AS: Just about any 18-inch barrel shotgun will work, but what I’ll say for your audience is if they don’t have a lot of money, and that’s the only purpose for this gun, they don’t have to spend a lot. For $250 to $275, you can get a Maverick 88, Security 88, and they’re made by Mossberg; and Mossberg made them because they used to be the workingman’s gun.
CD: When you advise folks, a lot of your videos online are already pretty darn educational, and go into details, and nuances of individual weaponry; when you’re helping someone think through the selection of a pistol for self protection, what’s going to work for them, what wouldn’t, what should people take into consideration, Alan?
AS: The first thing that’s really important is this. A lot of people, they walk into the shop, and they say, “I need something to carry,” and you put a small gun into their hand, and they go, “Oh, this is not comfortable in my hand.” The least important thing is comfort in your hand, for a self-protection weapon; the most important thing is comfort on your body, because you’re going to be carrying it on your body all day, and most of the night. That’s the first consideration.
When someone comes in, the most important thing to me is can they pull the slide, can they pull the trigger. Right now, the hottest guns I’m selling in the 380 range, the small, little, super-compact ones, is the one with the easiest slide, is the RM 380 by Remington; the one with the easiest trigger, and the slide is just a little heavier to pull, is the Taurus TCP 380.
CD: What are the selection criterion? If it’s boiling down to a couple models, what are the things people got to take into account, here?
AS: Trigger pull is really important because the heavier the trigger the safer it is; but, at the same time, the heavier the trigger, the less accurate it is. You have to look at the circumstances. If you are a person that’s a building manager, and you go collect rents, you may be outside of those statistics; so you may want a gun with a little longer barrel, or slightly bigger. You would want a gun that’s got a lighter trigger pull because it’s going to be more accurate.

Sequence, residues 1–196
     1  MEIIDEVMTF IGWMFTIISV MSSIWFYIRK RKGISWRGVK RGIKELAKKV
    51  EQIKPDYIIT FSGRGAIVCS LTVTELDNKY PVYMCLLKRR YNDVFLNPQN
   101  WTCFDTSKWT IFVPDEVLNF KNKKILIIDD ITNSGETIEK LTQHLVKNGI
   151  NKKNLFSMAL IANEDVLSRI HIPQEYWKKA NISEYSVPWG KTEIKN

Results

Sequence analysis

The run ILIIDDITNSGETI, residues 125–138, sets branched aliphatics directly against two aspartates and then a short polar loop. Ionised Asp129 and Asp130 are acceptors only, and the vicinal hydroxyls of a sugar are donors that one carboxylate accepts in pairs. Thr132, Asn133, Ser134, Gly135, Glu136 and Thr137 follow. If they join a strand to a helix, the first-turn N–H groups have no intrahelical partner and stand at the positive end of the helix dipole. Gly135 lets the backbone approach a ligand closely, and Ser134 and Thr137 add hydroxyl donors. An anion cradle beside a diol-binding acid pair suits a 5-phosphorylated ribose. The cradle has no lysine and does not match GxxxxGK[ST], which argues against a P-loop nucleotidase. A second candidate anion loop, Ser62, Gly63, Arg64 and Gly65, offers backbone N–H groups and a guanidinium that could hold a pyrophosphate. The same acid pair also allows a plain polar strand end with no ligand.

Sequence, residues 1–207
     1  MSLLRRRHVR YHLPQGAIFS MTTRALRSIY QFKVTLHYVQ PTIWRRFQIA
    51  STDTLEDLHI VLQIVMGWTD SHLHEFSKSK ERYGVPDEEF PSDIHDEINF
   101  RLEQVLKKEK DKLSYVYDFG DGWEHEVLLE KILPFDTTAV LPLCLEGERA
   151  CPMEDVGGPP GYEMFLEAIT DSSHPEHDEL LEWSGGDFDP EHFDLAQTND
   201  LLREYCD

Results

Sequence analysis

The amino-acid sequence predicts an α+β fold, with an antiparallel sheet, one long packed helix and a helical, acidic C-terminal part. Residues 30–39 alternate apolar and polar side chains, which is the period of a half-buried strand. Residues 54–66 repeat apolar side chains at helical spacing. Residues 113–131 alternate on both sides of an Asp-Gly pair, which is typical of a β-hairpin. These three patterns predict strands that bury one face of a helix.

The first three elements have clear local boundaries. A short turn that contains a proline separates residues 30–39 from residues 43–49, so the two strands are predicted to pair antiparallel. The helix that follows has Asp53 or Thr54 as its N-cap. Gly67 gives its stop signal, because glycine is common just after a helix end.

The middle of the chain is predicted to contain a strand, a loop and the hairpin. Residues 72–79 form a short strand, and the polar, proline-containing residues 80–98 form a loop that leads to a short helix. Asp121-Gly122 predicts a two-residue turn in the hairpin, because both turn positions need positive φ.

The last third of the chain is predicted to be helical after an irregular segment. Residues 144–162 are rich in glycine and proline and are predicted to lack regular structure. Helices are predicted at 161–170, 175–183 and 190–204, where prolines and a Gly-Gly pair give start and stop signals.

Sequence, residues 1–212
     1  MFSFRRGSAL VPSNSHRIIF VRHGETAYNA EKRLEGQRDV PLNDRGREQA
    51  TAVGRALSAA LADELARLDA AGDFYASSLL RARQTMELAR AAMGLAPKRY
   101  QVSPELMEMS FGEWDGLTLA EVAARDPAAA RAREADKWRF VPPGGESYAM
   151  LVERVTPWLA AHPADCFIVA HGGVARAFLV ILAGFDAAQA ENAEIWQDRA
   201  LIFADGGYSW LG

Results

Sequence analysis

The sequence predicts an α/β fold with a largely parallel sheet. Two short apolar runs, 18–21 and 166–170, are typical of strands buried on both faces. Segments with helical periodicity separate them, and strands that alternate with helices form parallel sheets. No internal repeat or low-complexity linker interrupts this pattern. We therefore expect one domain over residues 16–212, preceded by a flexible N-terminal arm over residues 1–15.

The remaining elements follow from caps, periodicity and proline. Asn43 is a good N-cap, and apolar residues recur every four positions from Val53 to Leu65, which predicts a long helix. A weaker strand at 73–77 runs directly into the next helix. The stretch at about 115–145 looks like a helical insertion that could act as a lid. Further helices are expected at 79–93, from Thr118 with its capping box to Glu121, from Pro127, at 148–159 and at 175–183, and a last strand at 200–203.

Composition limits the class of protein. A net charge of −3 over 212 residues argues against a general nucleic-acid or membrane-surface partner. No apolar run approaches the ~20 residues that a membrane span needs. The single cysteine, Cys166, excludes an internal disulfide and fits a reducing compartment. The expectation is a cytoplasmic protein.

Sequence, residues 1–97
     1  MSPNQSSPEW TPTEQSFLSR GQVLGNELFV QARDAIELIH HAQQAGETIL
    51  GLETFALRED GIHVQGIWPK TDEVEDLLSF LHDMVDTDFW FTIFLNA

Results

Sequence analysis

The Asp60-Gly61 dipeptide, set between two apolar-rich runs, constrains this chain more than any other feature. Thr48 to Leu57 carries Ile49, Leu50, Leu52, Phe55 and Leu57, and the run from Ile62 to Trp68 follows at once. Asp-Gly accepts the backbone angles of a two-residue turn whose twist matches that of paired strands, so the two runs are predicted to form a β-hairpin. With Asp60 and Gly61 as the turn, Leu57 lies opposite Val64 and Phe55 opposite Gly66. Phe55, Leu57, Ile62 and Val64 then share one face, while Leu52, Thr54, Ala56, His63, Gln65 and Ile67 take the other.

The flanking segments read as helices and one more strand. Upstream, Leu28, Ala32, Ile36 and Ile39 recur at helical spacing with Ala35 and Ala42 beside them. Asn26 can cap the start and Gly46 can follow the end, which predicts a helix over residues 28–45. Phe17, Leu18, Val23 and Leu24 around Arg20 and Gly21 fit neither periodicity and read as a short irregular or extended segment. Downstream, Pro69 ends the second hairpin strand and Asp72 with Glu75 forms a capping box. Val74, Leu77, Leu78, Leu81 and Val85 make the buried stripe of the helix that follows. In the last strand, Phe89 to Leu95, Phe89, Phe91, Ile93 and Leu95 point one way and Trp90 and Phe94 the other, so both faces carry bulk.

CD: When it comes to finding someone to train you for self defense with firearms, specifically, you advise actually interviewing weapons trainers, individually.
AS: Yes. If anyone wants to look at some of my videos, I mention it in some of my videos, and I’m going to do a series, myself, on it, you have to know a little bit about the reality. Like you said, the 3-3-3 rule, three feet, three seconds, three shots; if someone starts training you to pull out a gun with two hands, and use a police stance, that’s not the guy you want teaching you. You want someone who has real street knowledge of self defense for a civilian.
CD: Alan, I know we are right up on time, and I also know that you cover a decent amount of these sorts of topics on your channel, online, and elsewhere. If people wanted to learn more from you, whether it be about different gun models, or various aspects of training safety, et cetera, where would they go on the web to find you?
AS: I have two places. The first is my You Tube channel, and it’s Alan’s Firearms, A-L-A-N-S F-I-R-E-A-R-M-S, forward slash, the letter ‘C’, forward slash … I’m sorry, it’s Youtube.com, forward slash C, forward slash Alan’s Firearms; that will bring you to my channel, or you can just go to YouTube, and type in Alan’s Firearms; it’s one word. You’ll get to my channel. I talk about bullets, holsters; I talk about everything. I teach people how to take apart, clean, and properly maintenance their firearms.
Alan’s Firearms dot com is my actual website. You can find my You Tube channel from there, but there’s also I sell a few products online.